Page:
- Alteration of the type or method of suspension and steering is counted as a ‘substantial change’ and will require an MOT test.
- Alternative cubic capacities of the same basic engine (rebores, sleeving) and alternative original equipment engines are not considered to be a substantial change, therefore won’t require an MOT test.
- However, if the number of cylinders in the engine is different from the original, it’s likely to be counted as a substantial change, especially if the engine is not an alternative original equipment engine. For a far fetched example, a V8 engine from a Mustang that’s been fitted into Mk1 Escort would need an MOT test.
Other ‘substantial change’ criteria (all vehicles)
A vehicle is considered to have been ‘substantially changed’ if it:
- has been given a ‘Q’ registration number
- is a kit car assembled from components from different makes and model of vehicle
- is a reconstructed classic vehicle as defined by DVLA guidance
- is a kit conversion, where a kit of new parts is added to an existing vehicle, or old parts are added to a kit of a manufactured body, chassis or monocoque bodyshell, which changes the general appearance of the vehicle
- However, if a vehicle meeting one or more of these criteria is taxed as a ‘historic vehicle’, and it has not been modified during the previous 30 years, it is exempt from needing an MOT.
It does not count as a ‘substantial change’ and will not require an MOT if:
- changes are made to preserve a vehicle because the original type parts are no longer reasonably available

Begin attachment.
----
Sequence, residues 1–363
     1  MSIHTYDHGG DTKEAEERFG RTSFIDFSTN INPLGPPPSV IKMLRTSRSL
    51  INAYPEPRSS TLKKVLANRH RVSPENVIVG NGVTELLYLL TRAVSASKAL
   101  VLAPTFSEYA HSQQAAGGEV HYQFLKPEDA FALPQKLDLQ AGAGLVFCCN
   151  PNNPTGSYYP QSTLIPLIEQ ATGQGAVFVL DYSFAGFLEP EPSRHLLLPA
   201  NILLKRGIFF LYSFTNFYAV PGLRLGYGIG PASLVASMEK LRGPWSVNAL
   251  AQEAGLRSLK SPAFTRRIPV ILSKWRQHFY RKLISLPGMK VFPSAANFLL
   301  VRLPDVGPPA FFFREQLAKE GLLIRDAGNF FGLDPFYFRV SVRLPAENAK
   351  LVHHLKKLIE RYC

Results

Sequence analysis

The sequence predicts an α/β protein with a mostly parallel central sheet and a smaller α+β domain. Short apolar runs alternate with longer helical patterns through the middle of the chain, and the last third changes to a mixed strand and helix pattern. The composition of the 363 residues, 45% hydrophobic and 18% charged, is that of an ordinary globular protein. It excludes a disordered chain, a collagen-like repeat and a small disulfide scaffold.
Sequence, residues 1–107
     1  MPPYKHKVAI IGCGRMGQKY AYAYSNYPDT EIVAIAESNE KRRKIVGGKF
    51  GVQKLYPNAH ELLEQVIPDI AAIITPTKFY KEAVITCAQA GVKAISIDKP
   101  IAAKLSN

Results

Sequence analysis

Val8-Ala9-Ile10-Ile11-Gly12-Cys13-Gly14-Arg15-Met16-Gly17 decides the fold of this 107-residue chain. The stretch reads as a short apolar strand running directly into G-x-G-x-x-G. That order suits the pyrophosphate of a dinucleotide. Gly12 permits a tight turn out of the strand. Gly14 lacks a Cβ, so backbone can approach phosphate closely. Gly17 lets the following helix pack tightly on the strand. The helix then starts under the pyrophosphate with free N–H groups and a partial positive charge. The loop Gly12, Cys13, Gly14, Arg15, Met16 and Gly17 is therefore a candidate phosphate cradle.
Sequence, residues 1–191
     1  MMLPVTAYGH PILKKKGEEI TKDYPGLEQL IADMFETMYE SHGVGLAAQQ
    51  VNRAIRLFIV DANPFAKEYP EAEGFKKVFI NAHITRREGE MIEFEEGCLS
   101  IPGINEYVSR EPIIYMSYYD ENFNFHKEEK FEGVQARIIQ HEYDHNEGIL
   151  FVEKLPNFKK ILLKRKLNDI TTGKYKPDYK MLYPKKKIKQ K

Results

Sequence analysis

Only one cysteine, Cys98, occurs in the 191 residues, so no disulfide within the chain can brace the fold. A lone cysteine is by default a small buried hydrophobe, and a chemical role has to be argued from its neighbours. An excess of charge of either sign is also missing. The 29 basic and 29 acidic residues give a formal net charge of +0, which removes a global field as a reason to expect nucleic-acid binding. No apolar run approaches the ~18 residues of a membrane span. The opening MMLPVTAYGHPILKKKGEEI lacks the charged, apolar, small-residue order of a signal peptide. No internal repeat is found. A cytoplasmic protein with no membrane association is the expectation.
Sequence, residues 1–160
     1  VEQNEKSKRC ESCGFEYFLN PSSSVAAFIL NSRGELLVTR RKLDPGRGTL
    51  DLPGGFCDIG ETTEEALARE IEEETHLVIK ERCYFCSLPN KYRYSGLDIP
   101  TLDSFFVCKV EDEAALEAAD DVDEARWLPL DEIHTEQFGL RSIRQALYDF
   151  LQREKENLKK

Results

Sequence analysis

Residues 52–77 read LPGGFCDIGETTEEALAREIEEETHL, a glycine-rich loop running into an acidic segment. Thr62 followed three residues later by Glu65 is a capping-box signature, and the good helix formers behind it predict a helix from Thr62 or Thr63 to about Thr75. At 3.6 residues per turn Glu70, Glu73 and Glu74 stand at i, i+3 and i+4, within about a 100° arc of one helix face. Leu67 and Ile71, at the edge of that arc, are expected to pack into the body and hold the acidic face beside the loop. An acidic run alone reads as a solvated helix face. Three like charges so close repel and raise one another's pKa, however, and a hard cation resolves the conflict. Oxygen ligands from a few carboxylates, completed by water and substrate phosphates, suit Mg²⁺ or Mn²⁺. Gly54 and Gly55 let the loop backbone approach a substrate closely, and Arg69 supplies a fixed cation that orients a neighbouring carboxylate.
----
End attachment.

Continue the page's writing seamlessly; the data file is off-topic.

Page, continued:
- they are changes of a type which can be demonstrated to have been made when vehicles of the type were in production or within 10 years of the end of production
- axles and running gear have been changed to improve efficiency, safety or environmental performance
- changes were made to vehicles that were previously used as commercial vehicles, and you can prove the changes were made when the vehicle was used commercially
All in all it’s still a very confusing new rule and the likelihood is that you’ll probably want to contact the DVSA for direct confirmation, because whoever wrote the article about it has made some points quite unclear and even more of a headache.
New Checks Included in the MOT
Some new items are now tested during the MOT.
They include checking:
- if the tyres are obviously underinflated
- if the brake fluid has been contaminated
- for fluid leaks posing an environmental risk
- brake pad warning lights and if brake pads or discs are missing
- reversing lights on vehicles first used from 1 September 2009
- headlight washers on vehicles first used from 1 September 2009 (if they have them)
- daytime running lights on vehicles first used from 1 March 2018 (most of these vehicles will have their first MOT in 2021 when they’re 3 years old)
There are other smaller changes to how some items are checked. Your MOT centre will be able to tell you about these.
- The maximum fees MOT centres can charge won’t change.
- In January 2018, the government decided to keep the age a vehicle needs its first MOT at 3 years, rather than extend it to 4 years.
- You can get a free MOT reminder by text message or email a month before your MOT is due.